Contact Us

We can help you:

  • Identify the cradle to grave GHG emissions of products
  • Identify GHG hot spots in your supply chain
  • Run material and process scenarios
  • Inform business and supply chain strategies   

To find out more or to request a demo, send us a message.

318 W 118th St
New York, NY, 10026
United States

CoClear

understand your impact

Filtering by Category: Innovation

Combining Life Cycle Assessment with Data Science to Inform Portfolio-Level Value-Chain Engineering

Erika Whillas

industrial-ecology

A Case Study at PepsiCo Inc.

Christoph J. Meinrenken, Beth C. Sauerhaft, Anthony N. Garvan, and Klaus S. Lackner 

Summary: Life cycle assessment (LCA)-based analyses of company value chains can inspire profound modifications to products’ design, material procurement, manufacturing, energy/water use, distribution, use, and disposal. However, such modifications often create trade-offs, improving some aspects while worsening others. How can firms decide whether or not to carry out such modifications? Or prioritize between different options to choose the one delivering the most competitive advantage? Typically, firms’ metrics fall into two groups: (1) product-level metrics across the life cycle, including up- and downstream of facilities (e.g., product carbon footprints); and (2) facility-level metrics (e.g., plants’ annual energy cost). Neither is sufficient for firm-wide cost-benefit analyses of modifications that affect multiple products and value-chain stages. Whereas facility-level metrics do not capture up- and downstream effects—where often most cost and environmental impacts originate—life cycle methodologies are currently not mature enough to be applied at the scale of entire product portfolios. We present a pilot system of key performance indicators (KPIs) that evaluate 3,337 products across 211 brands and five countries of PepsiCo, Inc. KPIs are firm-wide, annual figures (environmental, operational, and financial) across the value chain (cradle to grave) and can be determined at any level (single product, brands, or regions). Uncertainty analysis is included. In addition to KPIs for base cases, the system characterizes KPI impacts for any considered modifications (what-if scenarios). In a detailed case study, we present background about how and why PepsiCo used the system to evaluate all aspects of a strategic value-chain modification. For 7 of the 211 brands, this resulted in avoiding an 8% increase in greenhouse gas emissions and a 7% to 10% increase in procurement costs. It also saved PepsiCo an estimated #200 years full-time equivalent employee time (or al- ternatively #US$30 million in LCA consultant fees) had the LCAs of the 3,337 SKUs been carried out by traditional methods. This cost efficiency of the KPI system enables consider- ing environmental impacts with more-traditional business metrics side by side. As a result, environmental impacts can be considered on a routine basis as part of integrated strategy and business planning. We discuss implementation considerations of the KPI methodology and future improvements.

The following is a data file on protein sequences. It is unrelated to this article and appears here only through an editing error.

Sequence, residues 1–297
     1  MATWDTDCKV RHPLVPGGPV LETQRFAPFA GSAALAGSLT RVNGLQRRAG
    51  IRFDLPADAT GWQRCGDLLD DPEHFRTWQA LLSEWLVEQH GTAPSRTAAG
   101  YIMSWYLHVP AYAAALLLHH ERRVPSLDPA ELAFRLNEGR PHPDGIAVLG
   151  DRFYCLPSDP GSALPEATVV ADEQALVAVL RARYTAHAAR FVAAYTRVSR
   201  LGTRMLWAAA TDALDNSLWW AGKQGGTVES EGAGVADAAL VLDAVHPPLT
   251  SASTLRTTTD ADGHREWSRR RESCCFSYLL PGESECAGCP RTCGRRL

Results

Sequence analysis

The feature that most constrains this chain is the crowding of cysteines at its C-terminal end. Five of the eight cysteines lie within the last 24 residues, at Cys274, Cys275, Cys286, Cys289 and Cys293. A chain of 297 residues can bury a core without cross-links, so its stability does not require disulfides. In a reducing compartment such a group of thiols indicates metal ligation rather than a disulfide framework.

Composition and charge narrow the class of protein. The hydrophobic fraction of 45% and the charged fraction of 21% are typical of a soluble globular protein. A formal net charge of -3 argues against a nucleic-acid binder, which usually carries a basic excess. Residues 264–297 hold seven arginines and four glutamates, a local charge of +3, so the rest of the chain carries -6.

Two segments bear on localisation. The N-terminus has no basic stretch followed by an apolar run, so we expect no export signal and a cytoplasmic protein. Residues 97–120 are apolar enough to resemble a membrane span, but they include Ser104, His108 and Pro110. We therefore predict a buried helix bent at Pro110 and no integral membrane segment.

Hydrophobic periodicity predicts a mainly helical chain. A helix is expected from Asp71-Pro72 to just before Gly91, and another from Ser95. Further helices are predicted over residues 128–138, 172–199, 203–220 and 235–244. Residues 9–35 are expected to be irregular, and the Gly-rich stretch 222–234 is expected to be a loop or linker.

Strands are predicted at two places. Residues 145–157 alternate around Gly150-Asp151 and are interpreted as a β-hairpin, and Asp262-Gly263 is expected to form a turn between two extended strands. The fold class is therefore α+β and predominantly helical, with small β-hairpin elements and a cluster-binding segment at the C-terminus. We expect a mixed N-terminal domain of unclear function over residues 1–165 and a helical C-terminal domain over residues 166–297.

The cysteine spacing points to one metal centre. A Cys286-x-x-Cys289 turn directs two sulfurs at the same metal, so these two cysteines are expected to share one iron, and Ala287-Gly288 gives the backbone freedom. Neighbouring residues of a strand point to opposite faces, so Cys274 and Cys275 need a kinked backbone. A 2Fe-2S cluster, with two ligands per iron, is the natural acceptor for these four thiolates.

Full report available through Yales' Journal of Industrial Ecology

Helping companies become more efficient with an app

Erika Whillas

advance